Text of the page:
We can look at the surface measurements of PM2.5 in the following time series and see that concentrations were about double the "normal" concentrations in Fort Collins on the evening of Wednesday, July 5th and into the morning of Thursday, July 6th. Concentrations did not reach the "Unhealthy" level, as most of the smoke was probably lofted above the surface. With all the different fires, it seems that we have had smoke every day this week.

Time series of hourly PM2.5 (top) and coarse PM (bottom) measured in Fort Collins for July 4th through the morning of
July 7th, 2017. 
There are two other interesting PM increases due to different sources on the time series plot. The 4th of July fireworks led to a really large increase on Tuesday night, and dust lofting before a storm on Thursday shows up in the coarse PM. A good reminder that there are lots of different sources of PM!

Thursday, July 6, 2017

Fort Collins Air Quality April 12-14, 2017

The warm weather probably brought a lot of people outside these last few days, but you may have also noticed that the foothills looked a bit hazy. Looking at the hourly time series of PM2.5 concentrations, we do see higher concentrations compared to previous days.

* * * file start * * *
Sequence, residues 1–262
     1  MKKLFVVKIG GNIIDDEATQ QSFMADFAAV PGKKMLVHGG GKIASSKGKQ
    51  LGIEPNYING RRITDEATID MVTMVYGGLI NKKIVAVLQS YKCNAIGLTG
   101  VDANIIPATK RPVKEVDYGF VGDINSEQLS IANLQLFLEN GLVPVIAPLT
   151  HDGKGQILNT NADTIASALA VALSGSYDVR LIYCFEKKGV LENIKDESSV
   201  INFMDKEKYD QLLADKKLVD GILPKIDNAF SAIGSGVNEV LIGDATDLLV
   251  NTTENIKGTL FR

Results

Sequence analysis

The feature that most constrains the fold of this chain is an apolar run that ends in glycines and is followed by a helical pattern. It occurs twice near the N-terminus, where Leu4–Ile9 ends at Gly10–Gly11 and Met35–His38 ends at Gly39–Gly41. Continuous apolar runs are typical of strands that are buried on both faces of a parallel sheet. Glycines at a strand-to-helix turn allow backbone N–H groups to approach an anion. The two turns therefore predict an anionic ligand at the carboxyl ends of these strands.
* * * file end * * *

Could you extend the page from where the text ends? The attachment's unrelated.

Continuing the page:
Time series of PM2.5 concentrations measured in Fort Collins, CO for 10 April - 15 April, 2017. Data courtesy of

So, what is causing these higher concentrations? Our guess would be smoke from prescribed fires. The CDPHE did not put out a specific warning for Northern Colorado, but there is the standard "Light to moderate smoke is possible near prescribed fires and small wildfires around the state."

The Hazard Mapping System also showed smoke plumes over northern Colorado/Wyoming on April 12-14. The plots show the plumes being transported different directions. While none of these show the plume directly over Fort Collins, the wind could have switched directions and blown the plume towards the southeast in between these times.

HMS Smoke Plumes and Fire Locations  in northern CO/southern WY for 12 April - 14 April, 2017. Data courtesy of

Checking inciweb (, there were a few prescribed fires around the state. Our guess would be on the Red Feathers Lake Prescribed Burn (

We also noticed however, that the coarse PM is high. This is often indicative of dust, which could have also been transported with the strong winds.
Time series of  coarse PM concentrations measured in Fort Collins, CO for 10 April - 15 April, 2017. Data courtesy of

What is a Prescribed Burn?
A prescribed burn is a controlled, purposefully ignited fire. These have been "prescribed" in order to reduce hazardous fuel loads. The goal is to burn up lots of ground fuel so that if a wildfire is ignited, it will not spread as quickly.